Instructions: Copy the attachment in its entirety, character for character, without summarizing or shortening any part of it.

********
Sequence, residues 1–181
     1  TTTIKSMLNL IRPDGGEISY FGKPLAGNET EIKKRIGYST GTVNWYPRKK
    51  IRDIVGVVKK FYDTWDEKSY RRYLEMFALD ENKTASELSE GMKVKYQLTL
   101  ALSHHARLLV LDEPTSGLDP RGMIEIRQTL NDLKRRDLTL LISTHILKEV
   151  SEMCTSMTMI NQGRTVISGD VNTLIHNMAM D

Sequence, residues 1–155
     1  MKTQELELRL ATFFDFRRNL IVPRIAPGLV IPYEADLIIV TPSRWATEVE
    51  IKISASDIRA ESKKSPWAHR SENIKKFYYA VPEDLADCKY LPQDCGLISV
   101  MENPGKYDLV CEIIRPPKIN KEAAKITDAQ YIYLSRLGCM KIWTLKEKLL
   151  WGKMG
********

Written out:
Sequence, residues 1–181
     1  TTTIKSMLNL IRPDGGEISY FGKPLAGNET EIKKRIGYST GTVNWYPRKK
    51  IRDIVGVVKK FYDTWDEKSY RRYLEMFALD ENKTASELSE GMKVKYQLTL
   101  ALSHHARLLV LDEPTSGLDP RGMIEIRQTL NDLKRRDLTL LISTHILKEV
   151  SEMCTSMTMI NQGRTVISGD VNTLIHNMAM D

Sequence, residues 1–155
     1  MKTQELELRL ATFFDFRRNL IVPRIAPGLV IPYEADLIIV TPSRWATEVE
    51  IKISASDIRA ESKKSPWAHR SENIKKFYYA VPEDLADCKY LPQDCGLISV
   101  MENPGKYDLV CEIIRPPKIN KEAAKITDAQ YIYLSRLGCM KIWTLKEKLL
   151  WGKMG